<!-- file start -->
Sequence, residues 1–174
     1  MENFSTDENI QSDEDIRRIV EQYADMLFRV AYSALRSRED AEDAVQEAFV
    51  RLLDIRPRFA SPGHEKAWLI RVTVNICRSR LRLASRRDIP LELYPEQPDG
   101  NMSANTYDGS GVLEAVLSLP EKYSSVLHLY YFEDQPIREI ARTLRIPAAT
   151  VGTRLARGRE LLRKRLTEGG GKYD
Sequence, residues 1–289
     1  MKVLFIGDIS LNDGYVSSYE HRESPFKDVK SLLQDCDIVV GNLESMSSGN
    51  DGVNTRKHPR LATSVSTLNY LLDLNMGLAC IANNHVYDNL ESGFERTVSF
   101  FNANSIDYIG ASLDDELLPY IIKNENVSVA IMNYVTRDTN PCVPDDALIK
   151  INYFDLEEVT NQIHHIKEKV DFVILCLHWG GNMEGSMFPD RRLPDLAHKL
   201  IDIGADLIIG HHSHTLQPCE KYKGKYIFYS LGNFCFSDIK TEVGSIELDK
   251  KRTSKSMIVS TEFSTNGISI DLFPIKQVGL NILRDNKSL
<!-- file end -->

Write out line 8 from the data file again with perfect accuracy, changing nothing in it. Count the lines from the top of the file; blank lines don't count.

    51  DGVNTRKHPR LATSVSTLNY LLDLNMGLAC IANNHVYDNL ESGFERTVSF